didn t see. Wuzn t it queer how she would always 
do this, and smile confidential at em, and wave her 
little white hand to em sometimes, as if in greetin or 
good-bye ? 

Queer, but pretty in her, so I always thought. 

I wish I knew who she had in her mind when she 
done it, or if she see anybody or hearn anybody. 
For once in a while she would sort o* lift up her lit 
tle smilin face and seem to listen listen. 

Wall, she wuz a beautiful child and every child 
has its pretty ways and its dretful curius ones, its 
angel traits and its tuther ones. Bless their sweet 
hearts, wherever they be ! I love the hull on em, 
and can t help it. 

Boy wuz a layin* in his little crib, and Genieve 
wuz a settin by it a mindin the child. And my son 
and daughter, Thomas Jefferson and Maggie, wuz a 
settin near each other (that is where they would 
always be if they had their own way). 

Thomas J. was readin* a little to her out of a new 
book that come in a box of books the night before, 
and Maggie wuz a sewin on a little white dress for 
Boy. 

Cousin John Richard wuz partly a layin down on 
a bamboo couch with a lot of pillows to his back he 




A PERFECT DAGON. 



280 SAMANTHA ON THE RACE PROBLEM. 

had had a dretful backache for a day or two. But 
he wuz a lookin some more comfortable than he 
had, and not quite so wan, but he wuz still fur 
wanner than I loved to see him. I myself wuz a 
knittin and occasionally a liftin my eyes to look 
over the path that led to the village, for my com 
panion had walked down there to get a pair of new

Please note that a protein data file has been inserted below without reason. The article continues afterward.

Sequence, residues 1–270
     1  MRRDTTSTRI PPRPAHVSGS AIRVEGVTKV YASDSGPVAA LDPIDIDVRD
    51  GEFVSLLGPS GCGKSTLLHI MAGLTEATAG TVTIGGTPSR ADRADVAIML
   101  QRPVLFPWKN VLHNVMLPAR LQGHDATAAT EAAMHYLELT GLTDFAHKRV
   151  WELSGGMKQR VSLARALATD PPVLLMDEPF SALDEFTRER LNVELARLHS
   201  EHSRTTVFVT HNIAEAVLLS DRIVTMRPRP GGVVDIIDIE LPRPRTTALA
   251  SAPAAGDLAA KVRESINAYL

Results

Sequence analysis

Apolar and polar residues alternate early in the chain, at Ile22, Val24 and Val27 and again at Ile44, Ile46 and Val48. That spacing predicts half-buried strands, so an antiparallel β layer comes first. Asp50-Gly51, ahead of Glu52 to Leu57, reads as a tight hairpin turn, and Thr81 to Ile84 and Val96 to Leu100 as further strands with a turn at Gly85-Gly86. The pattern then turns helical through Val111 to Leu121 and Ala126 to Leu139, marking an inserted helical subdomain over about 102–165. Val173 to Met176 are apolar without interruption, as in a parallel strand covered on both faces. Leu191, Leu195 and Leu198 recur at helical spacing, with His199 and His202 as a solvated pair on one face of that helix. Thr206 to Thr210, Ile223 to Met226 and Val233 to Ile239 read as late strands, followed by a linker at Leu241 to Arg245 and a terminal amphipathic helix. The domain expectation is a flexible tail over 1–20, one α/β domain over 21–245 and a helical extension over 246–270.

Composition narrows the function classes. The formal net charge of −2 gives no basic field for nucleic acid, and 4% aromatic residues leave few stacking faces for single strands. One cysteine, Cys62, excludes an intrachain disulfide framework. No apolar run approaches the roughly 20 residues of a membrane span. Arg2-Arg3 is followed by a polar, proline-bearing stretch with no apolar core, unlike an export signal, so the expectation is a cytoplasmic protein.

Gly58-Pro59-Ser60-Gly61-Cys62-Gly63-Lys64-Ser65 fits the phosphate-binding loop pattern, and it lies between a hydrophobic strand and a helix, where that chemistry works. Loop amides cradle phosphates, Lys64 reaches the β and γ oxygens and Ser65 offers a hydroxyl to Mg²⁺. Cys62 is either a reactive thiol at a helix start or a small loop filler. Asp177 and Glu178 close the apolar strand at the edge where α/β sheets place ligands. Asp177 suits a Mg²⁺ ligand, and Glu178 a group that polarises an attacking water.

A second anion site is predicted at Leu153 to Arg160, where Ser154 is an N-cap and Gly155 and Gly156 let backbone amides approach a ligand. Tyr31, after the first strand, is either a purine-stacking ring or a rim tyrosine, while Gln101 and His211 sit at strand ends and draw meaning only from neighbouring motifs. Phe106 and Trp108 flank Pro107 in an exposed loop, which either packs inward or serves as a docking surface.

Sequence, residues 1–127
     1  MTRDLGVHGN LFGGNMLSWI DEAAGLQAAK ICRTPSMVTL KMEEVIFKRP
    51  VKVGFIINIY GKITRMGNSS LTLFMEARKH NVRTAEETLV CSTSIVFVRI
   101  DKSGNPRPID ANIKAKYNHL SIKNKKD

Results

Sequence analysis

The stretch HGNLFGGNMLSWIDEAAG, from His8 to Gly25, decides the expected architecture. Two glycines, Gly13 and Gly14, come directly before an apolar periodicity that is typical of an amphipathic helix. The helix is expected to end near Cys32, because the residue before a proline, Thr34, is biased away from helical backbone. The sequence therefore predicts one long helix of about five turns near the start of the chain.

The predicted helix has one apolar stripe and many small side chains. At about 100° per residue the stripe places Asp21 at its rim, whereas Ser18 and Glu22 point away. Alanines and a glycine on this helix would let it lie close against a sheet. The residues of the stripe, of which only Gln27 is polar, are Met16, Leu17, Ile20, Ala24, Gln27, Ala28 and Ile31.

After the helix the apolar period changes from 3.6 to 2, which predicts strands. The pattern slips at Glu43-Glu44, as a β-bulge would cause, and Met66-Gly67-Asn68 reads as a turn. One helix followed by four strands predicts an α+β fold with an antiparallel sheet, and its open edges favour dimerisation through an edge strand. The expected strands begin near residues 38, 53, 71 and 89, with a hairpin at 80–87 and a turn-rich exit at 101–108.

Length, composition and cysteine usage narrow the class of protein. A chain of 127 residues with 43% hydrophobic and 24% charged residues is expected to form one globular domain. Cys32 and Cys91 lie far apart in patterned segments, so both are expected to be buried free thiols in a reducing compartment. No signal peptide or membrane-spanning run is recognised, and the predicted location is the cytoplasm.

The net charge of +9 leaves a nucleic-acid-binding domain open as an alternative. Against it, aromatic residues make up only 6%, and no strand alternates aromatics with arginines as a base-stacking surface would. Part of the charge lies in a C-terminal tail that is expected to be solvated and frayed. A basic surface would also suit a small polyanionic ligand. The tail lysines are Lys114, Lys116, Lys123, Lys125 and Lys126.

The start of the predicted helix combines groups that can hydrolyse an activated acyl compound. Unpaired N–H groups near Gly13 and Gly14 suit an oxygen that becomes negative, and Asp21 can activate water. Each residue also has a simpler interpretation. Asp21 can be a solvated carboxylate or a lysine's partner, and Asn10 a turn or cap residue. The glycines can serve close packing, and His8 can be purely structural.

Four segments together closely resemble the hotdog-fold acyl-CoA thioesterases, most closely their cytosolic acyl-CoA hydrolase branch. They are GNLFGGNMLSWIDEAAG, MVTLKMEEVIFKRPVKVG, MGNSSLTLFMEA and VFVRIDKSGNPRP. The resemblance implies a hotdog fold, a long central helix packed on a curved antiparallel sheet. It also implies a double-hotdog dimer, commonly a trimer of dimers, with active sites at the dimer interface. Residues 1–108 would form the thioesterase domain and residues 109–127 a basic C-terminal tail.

suspenders. 

I knew it wuzn t time for him to get back yet ; but 
such is woman s love, I kep watch of the track on 
which I expected to see the beloved form approach- 
in* bimeby. 

That man is almost my idol. 

It hain t right to worship a human creeter I know ; 
and then agin, sometimes, when I would meditate 
on the wickedness of my bein so completely 
wrapped up in him, I have tried to exonerate my 
self by this thought : 

The children of Israel wuz commanded not to 
worship anything that wuz like anything else in 
heaven or on earth. And I have sometimes felt that 
I would get clear on that head if I knelt to him every 
day and burned incense under him, and made a per 
fect Dagon of him. 

For my dear companion is truly onlike anything I 
ever see or hearn on ; his demeaners is different, and 
his acts and his talk under excitement. And his 
linement looks fur different from any other iolks es 
linements. 

But I am a digressin , and to resoom. 

We sot there as happy as a nest full of turkle 
doves, when all of a sudden the girl come up with a 
card on a little silver server, and handed it to Mag- 



SAMANTHA ON THE RACE PROBLEM. 281 

gie as if it wuz a cracker or a cup of tea, and Mag 
gie took it and read out : 

" Colonel Seybert." 

And Thomas J. spoke up and told the girl to ask 
the Colonel out there where we wuz ; and so she 
did, and sot him a chair by Thomas J., out amongst 
the rose-vines. 

He come in as polite as ever, and accosted us all 
in a very genteel way. He had brought Maggie a 
great bunch of orchids, and said " the Madam had 
sent them to her with her compliments." 

He meant his wife he most always called her so. 

The posys he brought wuz very rare. They grow 
on air mostly, and only have the very slightest soil 
to connect em with the earth. 

And from all accounts (I thought to myself) that 
wuz the way that his angel of a wife lived herself. 
Almost all of the roots of her sweet nater wuz in 
heaven. Jest enough connection with this world so 
all could see the brightness and bloom and size of 
the divine flower of holiness that sprung up out of 
her lone, unhappy life. 

Maggie took the flowers and thanked him, and